For me, it is somewhat about size. I somewhat kept shooting film with the Canon EOS620, supplemented with a digitial PS untill 2004 or 5. Somewhat is quite describing, I didnt shoot much film mainly some rolls when going places I though would be worthy dragging the bag around, primarily on vacations and/or trips but seldom left the house without the little 3MP Konica in a belt pouch on any given day.

In 06 I didnt bother schlepping the SLR around, but felt a bit constrained with the Konica, so I sprung for a Canon Powershot. Bad research left me with the S3, instead of the G7, after giving the sales clerk the precise order of "I would like the latest model powershot, please" and the G7 was released the week over, so reading reviews and not remembering the name of the model was a bit naff, it also didnt end particulary well, the camera may very well still be hanging on the birch branch I put it on while having lunch up in the mountains.

Then I bought an Ixus, and yet another Ixus for going off to foreign shores for a couple of tours. Had my eyes set on the the Powershot G10, but my colleague and me managed to rile us up into some sort of GAS/camera frenzy on some silent nights and I ended up with the then fresh Pentax K7, it had all I was keen on in a system, relatively small house at about 850 grams, IBIS and weather sealing along with the accompanying two weather sealed lenses 18-55, 50-200 kit zooms and the large Pentax flash. When push came to show, it was a bag kit and hence not much used- mainly trips and vacations. For the most parts, I just stuck that little, and worn Ixus into my pocket and called it a day, warts and all, but eyeing up the Fujis hard, but was leery toward it due to cost/benefit. In some dark corner of my brain I was somewhat keen to get going on photography again, but on the other hand, I wasnt to keen to spend on something which may or may not happen as such (getting back into it).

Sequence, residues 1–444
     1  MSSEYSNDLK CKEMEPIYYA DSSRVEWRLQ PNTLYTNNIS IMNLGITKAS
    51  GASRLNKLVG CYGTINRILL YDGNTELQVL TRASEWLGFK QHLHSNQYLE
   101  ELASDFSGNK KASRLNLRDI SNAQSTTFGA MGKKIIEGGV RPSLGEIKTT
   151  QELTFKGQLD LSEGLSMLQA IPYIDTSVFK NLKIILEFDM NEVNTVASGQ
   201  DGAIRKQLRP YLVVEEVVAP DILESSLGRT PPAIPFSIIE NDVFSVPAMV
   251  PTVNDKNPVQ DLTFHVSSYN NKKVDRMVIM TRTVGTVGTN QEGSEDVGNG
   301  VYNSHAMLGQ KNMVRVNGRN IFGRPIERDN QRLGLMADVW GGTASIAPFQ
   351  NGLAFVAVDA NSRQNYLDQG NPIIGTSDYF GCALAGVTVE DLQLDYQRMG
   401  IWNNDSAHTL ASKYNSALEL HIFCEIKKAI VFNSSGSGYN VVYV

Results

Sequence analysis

A friend of mine, which I share other hobbies with and a keen and gifted photographer in his own right was into M43 and keep harping on about it, he had also restarted with a Pentax, but got onboard with the K5.

I did snigger at him quite a bit, but started looking into it. I must admit having read "Sensor is sized about the same as the old 110 film" and having had a sorry excuse of a camera in that format way back then, I wasnt overly keen. Then Olympus released the Pen-F, in silver it was probably the most beautiful camera I had seen in more than two decades, so finger oogling it whilst oohing and aaahing, and drooling left me off for a cooling off periode and I then bought a GX7 in black and after some months and a couple of thousand pictures with the GX7, I got a GX8, also in black, with the GX7 taking second chair. I have rather large hands and the GX7 was a smidge on the tiny size for my frying pans. When I got the GX8, I also looked at the GM5, but it was just to tiny. I can somewhat fit the GX7 with the 35-100 on, the 12-32 and the Meike 35 in the palm of my hand.

After a year and a half with both cameras, I sold off the GX7 when it still held some value and ran the GX8 alone for a period, awaiting the release of the GX9, it came and was not was I anticipated so I keept going with the GX8, but added bits on the lens side, keeping to the "classics" in the system, the Lumix 12-35 and Oly 40-150 pro F:2.8s as well as the PL8-18 plus some primes and the lumix kit kombo of 12-32 and 35-100.